The minors were reportedly happy, doing well, and not exhibiting any behavioral issues in their placement with the maternal grandparents in Sonoma County. They had a strong, positive attachment to the grandparents but continued to express a desire to return home to mother. They no longer wished to be placed with their father or with both parents together due to their belief that father was "too violent."

According to the report, the parents' progress in services during the previous six months was minimal. Despite participating in individual and conjoint counseling, substance abuse services, and psychiatric services, mother continued to demonstrate unsafe and erratic behavior, as evidenced by a positive test for methamphetamine while attending substance abuse treatment, several missed drug tests, failure to participate in outpatient substance abuse treatment as required, engagement in domestic violence with father, and illegal and aggressive behavior of theft and assault with a deadly weapon resulting in her arrest.

The Department opined that the July 5, 2016, domestic violence incident demonstrated neither parent had benefitted from services offered to address domestic violence, the very issue that was the impetus for removal of the minors in both the prior and current dependency proceedings. The Department recommended that reunification services be terminated as to both parents, and the minors continue their out-of-home placement with the maternal grandparents with a permanency goal of guardianship or adoption.

At the 12-month review hearing on October 21, 2016, the court found the minors adoptable, identified adoption as the permanent plan, terminated reunification services to both parents, and set the matter for a section 366.26 hearing. The court also ordered separate, supervised visitation for both parents.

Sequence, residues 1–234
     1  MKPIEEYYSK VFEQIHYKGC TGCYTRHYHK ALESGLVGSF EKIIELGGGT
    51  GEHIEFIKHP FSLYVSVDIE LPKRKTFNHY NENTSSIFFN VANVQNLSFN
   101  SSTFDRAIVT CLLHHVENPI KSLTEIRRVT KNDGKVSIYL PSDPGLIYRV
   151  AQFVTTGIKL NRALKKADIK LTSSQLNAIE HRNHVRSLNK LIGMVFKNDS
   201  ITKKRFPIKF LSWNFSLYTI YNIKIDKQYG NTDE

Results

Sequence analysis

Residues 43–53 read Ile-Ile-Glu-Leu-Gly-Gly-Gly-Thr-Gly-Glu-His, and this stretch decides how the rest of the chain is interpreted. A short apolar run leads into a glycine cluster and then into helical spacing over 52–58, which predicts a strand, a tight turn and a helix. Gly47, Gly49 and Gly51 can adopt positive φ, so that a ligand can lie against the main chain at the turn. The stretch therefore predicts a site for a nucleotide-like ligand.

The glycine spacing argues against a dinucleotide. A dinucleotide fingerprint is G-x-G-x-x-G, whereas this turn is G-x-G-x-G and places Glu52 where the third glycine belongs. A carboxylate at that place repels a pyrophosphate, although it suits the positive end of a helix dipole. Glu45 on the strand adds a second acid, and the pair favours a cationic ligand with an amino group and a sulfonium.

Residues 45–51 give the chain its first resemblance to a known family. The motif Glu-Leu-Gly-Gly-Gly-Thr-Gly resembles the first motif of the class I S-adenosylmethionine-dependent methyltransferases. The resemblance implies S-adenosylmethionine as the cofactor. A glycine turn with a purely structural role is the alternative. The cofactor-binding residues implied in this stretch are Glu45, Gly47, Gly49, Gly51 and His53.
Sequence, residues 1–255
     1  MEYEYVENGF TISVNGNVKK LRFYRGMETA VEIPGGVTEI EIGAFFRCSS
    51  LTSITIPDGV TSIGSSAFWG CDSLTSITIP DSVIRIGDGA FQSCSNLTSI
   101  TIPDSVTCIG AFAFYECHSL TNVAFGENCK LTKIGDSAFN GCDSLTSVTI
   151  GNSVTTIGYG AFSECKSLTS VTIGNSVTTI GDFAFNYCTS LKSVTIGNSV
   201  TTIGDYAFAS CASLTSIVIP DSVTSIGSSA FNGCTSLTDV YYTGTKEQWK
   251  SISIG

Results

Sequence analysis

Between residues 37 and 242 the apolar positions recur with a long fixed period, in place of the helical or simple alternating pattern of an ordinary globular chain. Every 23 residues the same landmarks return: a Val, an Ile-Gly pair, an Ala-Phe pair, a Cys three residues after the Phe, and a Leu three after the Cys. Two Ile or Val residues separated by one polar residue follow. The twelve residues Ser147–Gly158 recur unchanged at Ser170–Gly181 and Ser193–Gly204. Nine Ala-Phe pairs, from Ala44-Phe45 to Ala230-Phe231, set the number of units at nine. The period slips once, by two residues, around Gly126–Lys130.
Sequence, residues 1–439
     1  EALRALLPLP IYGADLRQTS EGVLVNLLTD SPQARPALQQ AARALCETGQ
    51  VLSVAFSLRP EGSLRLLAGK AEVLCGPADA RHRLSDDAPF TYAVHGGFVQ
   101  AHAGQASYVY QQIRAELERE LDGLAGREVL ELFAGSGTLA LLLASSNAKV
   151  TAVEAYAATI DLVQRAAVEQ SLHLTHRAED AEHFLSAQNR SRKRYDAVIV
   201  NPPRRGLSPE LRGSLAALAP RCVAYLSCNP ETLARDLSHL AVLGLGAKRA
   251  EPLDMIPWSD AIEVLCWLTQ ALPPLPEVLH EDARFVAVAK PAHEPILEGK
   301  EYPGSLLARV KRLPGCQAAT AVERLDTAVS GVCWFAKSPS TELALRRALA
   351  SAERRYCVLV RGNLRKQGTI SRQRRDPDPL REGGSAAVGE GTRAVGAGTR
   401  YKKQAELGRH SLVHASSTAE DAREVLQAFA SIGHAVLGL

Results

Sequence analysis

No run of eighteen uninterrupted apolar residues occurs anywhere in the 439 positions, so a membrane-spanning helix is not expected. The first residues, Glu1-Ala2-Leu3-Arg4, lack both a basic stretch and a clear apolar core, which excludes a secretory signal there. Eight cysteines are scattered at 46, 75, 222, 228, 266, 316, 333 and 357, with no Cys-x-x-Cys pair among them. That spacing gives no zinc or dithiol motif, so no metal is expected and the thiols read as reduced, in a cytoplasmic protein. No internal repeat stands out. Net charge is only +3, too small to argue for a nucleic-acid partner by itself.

The selection and implementation report stated that, despite the parents' failure to visit the minors for several months, the minors had a significant emotional connection with the parents, with whom they frequently requested to be reunified. The Department concluded it would not be in the minors' best interests to terminate parental rights, given the "strong and positive relationships" between the minors and mother. The maternal grandparents did not wish to participate in a plan of adoption and instead expressed an interest in legal guardianship to maintain current familial relationships. Therefore, the Department recommended continued placement with the maternal grandparents with a permanent plan of legal guardianship.

According to the addendum report filed February 17, 2017, the minors were not generally adoptable as they were part of a large sibling group that should remain intact. The Department again concluded it would not be in the minors' best interest to terminate parental rights and recommended that the minors remain with the maternal grandparents in a permanent plan of legal guardianship.

The second addendum report filed March 2, 2017, stated the social worker reviewed the case file and the extent of the bond between the minors and the parents. The social worker observed that mother "did not participate in face-to-face contact with the children, even when means were provided for her to do so." While the minors had frequent telephone contact with mother, "the quality of the contact appeared to be limited." Mother appeared to continue to have mental health challenges which impacted her telephone contact with the maternal grandparents and the minors. The social worker observed contact between mother and the maternal grandmother during a visit with the maternal grandmother on December 22, 2016. Mother appeared to be frantic and scared and the maternal grandmother had difficulty talking with mother, commenting that mother appeared to be "manic." In light of these observations, the social worker assessed the contact between the parents and the minors as "minimal," noting the minors had pre-existing relationships with the parents which the minors desired to maintain, but the parent/child contact "did not appear to be that which promotes security and well being."

At the selection and implementation hearing on March 3, 2017, all parties submitted to the recommendation of legal guardianship. Mother requested a minimum visitation order. The court ordered a permanent plan of legal guardianship with the maternal grandparents, issued letters of legal guardianship, and ordered supervised visitation for both parents as arranged and directed by the guardians, including selection of the supervisor. The court ordered father's visits to be a minimum of four times per year, and mother's visits to be a minimum of one time per month or more frequent if appropriate, with visitation to be supervised through an agency at parents' cost. The court continued dependency jurisdiction and set the matter for a hearing pursuant to section 366.3.